Lead Based Paint Facts
Lead paint is a potential health risk. Depending on the level of
exposure, lead can cause damage to the brain and nervous system,
behavior problems, slowed growth, headaches, difficulties during
pregnancy, high blood pressure, digestive problems and muscle and
Lead can affect everyone in the family, but children are often at
highest risk, especially small children who don't hesitate to put
things in their mouths.
One of the primary sources of exposure is the lead-based paint that
often exists in homes that were built prior to 1978, when the
Federal Government banned its use in residential structures.
Federal regulations require that sellers provide lead-based paint
disclosures to home buyers who are purchasing a home built before
Likely Sources of Lead
- Sellers must disclose in writing any information about known
lead-based paint in the home. If sellers have performed lead
tests, they must share the test results.
- Sales contracts must give buyers up to 10 days to check for lead
hazards. Home buyers aren't required to do the check--but they must
be given the opportunity. Watch for this information on a special
form attached to the contract.
- Home sellers must give home buyers a copy of the EPA publication
"Protect Your Family From Lead in Your Home." If you're dealing with
a real estate agency, your agent should provide the pamphlet.
- Similar lead disclosure regulations apply to landlords and tenants.
Lead paint that is intact--with no cracking, chipping or wear--is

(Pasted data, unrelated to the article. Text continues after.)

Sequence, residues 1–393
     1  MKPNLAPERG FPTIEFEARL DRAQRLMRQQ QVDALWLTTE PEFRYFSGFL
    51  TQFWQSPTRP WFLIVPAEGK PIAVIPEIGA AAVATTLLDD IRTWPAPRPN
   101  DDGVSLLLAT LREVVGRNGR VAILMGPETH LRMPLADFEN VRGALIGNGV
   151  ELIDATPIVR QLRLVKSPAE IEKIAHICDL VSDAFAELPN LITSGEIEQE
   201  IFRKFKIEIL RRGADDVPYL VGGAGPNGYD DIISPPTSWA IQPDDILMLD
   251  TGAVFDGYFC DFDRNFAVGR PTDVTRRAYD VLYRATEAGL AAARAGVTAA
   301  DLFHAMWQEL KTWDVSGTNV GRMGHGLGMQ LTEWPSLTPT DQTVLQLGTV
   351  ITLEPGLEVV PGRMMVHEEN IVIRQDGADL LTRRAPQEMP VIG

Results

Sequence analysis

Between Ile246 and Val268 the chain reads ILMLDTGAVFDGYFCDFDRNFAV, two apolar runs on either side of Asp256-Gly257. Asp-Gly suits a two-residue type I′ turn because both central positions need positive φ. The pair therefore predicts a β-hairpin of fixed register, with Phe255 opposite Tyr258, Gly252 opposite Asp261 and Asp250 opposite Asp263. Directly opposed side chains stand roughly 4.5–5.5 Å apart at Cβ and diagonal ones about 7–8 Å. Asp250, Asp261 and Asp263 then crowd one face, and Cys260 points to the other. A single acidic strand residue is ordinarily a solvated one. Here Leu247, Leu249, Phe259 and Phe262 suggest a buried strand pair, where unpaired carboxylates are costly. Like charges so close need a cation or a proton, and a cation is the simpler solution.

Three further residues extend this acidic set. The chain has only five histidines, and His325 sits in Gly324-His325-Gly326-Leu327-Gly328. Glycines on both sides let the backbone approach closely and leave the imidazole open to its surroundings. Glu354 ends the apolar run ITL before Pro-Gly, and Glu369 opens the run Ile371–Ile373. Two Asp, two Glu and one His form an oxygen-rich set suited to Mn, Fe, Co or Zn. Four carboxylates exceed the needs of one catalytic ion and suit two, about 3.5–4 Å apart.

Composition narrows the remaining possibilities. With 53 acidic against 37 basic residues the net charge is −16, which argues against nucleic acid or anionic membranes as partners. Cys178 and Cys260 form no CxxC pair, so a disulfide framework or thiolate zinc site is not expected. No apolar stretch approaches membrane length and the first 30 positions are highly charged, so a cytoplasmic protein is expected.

less likely to pose health risks. If your home could contain
lead-based paints, correct or stay aware of the following
situations: Peeling, chipping, or cracking paints. Lead paint on
areas that small children might chew on, or areas susceptible to
wear and tear that causes cracking or exposure to underlying layers
of paints: stair railings, banisters, window sills, door frames,
porches, fences. Lead dust that results when paint is sanded or dry
scraped. Lead in the soil surrounding your home, caused by flaking
lead paints on its exterior. Lead can be tracked inside on shoes or
can be a risk to children playing outside.
Other Sources of Lead
Lead-based paint isn't the only potential source of lead in your
So What Can You Do About Lead?
- Lead in drinking water when plumbing contains lead or lead
solder. Have your water tested for lead, since it cannot be detected
by taste or smell.
- Old painted toys or furniture.
- Industries that release lead into the air.
- Hobbies that use items containing lead: stained glass, pottery,
Ongoing, Temporary "Fixes"
- Temporarily reduce lead hazards by repairing damaged painted
surfaces and planting grass to cover soil with high lead levels.
- Clean up paint chips right away.
- Clean painted surfaces weekly, then
thoroughly rinse your cleaning tools.
- Wash children's hands
frequently; wash toys and other items they play with regularly.
children from chewing on painted surfaces.
- Eat nutritious meals that
are high in iron and calcium. Children and adults with good diets
absorb less lead.
Permanent Lead Removal
Permanent removal requires work by a certified lead abatement
contractor who will remove lead paint or seal and enclose it with
Lead testing may be common in some areas, but I have never met a
home seller who has tested for the presence of lead-based paints. So
don't be alarmed or suspicious if your seller has no lead paint
information to share. Although lead paint can be dangerous, its
presence shouldn't be enough to keep you from buying a home you love
unless you feel the paint is in such terrible condition that it
poses a true health threat.
site for in-depth information about
identifying and dealing with lead hazards in the environment and in
Tips for First Time Buyers
Buyer Frequently Asked Questions
10 Things Buyers Should Avoid
What To Do First: Buy or Sell?
Making an Offer
Simplify the Home Buying Process
Relieving the Stress of Packing
Land Buying Advice
Real Estate Glossary
Facts About Easements
Facts about Radon & Radon Testing
Lead Based Paint Facts & Disclosures
Mold in the Home
Saying "I Do" to First Homes
a CMA and Why Do You Need One?
How to Negotiate with Sellers